Living in Japan for seven years, one seasonal event that I always looked forward to was the brief, but spectacular blooming of the sakura, or cherry flowers. So naturally, I was excited to find out that Northern Thailand has its own variety of wild cherry that grows in the mountains and creates fabulous pink blossoms each winter.
The variety of sakura growing in Thailand is the Wild Himalayan cherry (Prunus cerasoides). Its name in Thai is นางพญาเสือโคร่ง naang phá-yaa sǔea-khrông, which means “Tiger Queen.”
There are several good places to go see the Tiger Queen flowers blooming, including Doi Chaang, Doi Wawee, and Doi Mae Salong mountains, which are all located in Chiang Rai province. But the best place to go see them as a day-trip from Chiang Mai is Khun Chang Khian, a tiny village way up on Doi Pui that you get to by driving up Doi Suthep mountain. The best time to view the sakura at Khun Chang Khian is in the middle of January, but as anyone who has lived in Japan knows, the timing of the cherry blossoms is difficult to predict and can change from year to year by several weeks.
Finding the way to Khun Chang Khian is not difficult. Simply start from Huay Kaew Road and drive up past Chiang Mai University, Chiang Mai Zoo, and Khruba Siwichai Monument, and keep following the road until you get to Wat Phrathat Doi Suthep. Stop here to visit the temple if you wish, then keep following the road past the temple and further up the mountain. You’ll soon arrive at the Phuping Palace and Gardens, which you could also stop to look at if you like. Otherwise, just keep going straight on the narrow road running past the palace, and after a few kilometers you’ll come to a 3-way junction. If you head left, it leads you to a Hmong village, but if you go right, it takes you to Khun Chang Khian.
Once you turn right, you’ll have to be careful since it’s a very narrow road and there are a lot of curves. Use your horn to warn other drivers of your presence. You’ll soon see a nice viewpoint spot on your left, but to get to Khun Chang Khian you just keep following this road. In total, it might take you about an hour from the foot of the mountain to Khun Chang Khian if you drive by motorbike. And don’t forget a jacket, because it can get chilly up there.
We decided to go see the sakura blossoms on Saturday, January 11, which just so happened to be Children’s Day in Thailand. Traffic on Huay Kaew Road was very thick, but we were relieved to find that almost everyone was taking their kids to the zoo, and once past the zoo the traffic was light. As we drove up Doi Suthep, there were a few cherry trees blossoming along the side of the road, but also a good number that looked like they wouldn’t bloom for another week at least. I was worried that we may have come too early. However, when we finally arrived at Khun Chang Khian there were many trees in full bloom or near to it.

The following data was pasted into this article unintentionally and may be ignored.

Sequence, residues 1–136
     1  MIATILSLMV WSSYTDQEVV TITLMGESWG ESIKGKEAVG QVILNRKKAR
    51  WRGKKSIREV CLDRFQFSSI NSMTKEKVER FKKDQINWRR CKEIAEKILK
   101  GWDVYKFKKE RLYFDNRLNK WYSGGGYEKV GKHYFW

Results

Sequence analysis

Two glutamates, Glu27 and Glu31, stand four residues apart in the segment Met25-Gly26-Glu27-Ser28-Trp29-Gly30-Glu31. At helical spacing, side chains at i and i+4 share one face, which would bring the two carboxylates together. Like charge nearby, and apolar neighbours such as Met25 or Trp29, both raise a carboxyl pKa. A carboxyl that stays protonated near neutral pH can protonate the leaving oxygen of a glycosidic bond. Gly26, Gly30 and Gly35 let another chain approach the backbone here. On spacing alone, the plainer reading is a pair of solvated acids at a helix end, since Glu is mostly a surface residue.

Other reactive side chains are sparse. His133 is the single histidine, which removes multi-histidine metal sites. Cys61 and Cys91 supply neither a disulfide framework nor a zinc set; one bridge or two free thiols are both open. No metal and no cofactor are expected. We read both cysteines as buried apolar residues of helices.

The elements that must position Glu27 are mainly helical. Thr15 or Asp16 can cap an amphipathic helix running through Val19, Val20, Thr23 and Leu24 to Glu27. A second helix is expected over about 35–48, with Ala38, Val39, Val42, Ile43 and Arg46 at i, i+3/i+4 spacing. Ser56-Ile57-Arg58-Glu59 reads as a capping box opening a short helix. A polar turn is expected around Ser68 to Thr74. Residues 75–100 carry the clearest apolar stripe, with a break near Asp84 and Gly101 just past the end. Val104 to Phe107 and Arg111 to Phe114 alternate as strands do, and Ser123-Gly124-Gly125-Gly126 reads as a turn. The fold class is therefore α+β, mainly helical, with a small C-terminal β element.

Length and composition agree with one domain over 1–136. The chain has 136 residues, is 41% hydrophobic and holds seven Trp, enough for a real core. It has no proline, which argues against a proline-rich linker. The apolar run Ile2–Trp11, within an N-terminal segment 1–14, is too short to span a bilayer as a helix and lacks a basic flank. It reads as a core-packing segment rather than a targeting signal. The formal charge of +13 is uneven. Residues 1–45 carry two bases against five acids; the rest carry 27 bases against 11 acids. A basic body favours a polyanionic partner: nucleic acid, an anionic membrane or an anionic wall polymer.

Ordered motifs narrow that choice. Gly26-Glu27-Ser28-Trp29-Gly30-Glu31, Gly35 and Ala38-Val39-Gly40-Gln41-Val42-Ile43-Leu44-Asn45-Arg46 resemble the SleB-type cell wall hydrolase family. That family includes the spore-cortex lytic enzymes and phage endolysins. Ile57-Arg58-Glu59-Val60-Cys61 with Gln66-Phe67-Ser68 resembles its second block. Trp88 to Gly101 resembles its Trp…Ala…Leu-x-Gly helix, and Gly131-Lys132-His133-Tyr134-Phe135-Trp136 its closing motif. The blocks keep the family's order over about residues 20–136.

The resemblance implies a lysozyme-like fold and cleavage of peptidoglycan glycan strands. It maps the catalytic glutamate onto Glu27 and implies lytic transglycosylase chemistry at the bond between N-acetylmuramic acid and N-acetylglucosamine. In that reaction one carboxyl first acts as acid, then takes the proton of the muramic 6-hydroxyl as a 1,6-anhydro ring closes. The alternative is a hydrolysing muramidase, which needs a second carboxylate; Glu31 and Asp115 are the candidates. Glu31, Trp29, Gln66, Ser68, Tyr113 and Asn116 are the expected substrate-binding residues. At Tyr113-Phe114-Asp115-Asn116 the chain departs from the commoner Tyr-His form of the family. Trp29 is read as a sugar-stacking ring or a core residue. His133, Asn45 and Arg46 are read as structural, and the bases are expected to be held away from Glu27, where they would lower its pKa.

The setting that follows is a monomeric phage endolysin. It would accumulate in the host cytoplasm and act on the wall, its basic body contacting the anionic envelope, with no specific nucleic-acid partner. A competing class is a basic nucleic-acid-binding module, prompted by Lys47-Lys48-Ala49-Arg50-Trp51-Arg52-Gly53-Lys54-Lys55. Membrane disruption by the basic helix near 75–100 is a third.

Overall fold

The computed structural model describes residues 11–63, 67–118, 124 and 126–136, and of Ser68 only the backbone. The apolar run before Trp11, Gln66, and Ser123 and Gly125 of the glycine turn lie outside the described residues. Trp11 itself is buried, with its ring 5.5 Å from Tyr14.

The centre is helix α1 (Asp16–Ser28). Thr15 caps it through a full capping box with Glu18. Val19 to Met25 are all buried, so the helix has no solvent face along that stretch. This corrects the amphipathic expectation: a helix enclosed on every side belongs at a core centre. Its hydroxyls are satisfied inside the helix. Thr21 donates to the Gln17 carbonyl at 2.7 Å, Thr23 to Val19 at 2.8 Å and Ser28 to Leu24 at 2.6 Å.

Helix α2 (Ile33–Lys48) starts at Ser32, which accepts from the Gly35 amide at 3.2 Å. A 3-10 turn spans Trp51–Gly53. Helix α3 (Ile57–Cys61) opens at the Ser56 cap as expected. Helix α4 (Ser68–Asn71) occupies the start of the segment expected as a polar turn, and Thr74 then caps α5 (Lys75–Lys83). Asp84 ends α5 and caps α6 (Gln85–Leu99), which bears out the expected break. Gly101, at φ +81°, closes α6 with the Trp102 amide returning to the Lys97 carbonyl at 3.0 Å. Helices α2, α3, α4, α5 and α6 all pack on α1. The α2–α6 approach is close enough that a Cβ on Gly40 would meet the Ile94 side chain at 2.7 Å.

In addition to all the cherry trees, there is a coffee plantation up at Khun Chang Khian. We saw a Hmong woman picking coffee and some men busy with a machine that removed the fruit from around the coffee beans, which were then put out to dry under the sun in another area. Fresh hot coffee is also available in a cute open-air wooden building with a nice view of the cherry blossoms.
Make sure you continue on the little walking path to the left of the coffee shop that leads to some gardens. When you turn back around, you’ll have a nice view of bright pink cherry trees with green mountains in the background.
Sakura blossoms are famous for reminding us of impermanence. Their beautiful display lasts for a very short time. So go see them now while you can.
Update for 2017
I visited Khun Chang Khian on January 16, 2017. The cherry blossoms are late this year because of the unusual amount of rain we’ve had this winter. Some trees are already blooming, but the largest tress are not in bloom yet. I would estimate that a week from today would be better, with some of the larger trees blooming then. And you should still be able to see cherry blossoms until the end of the month.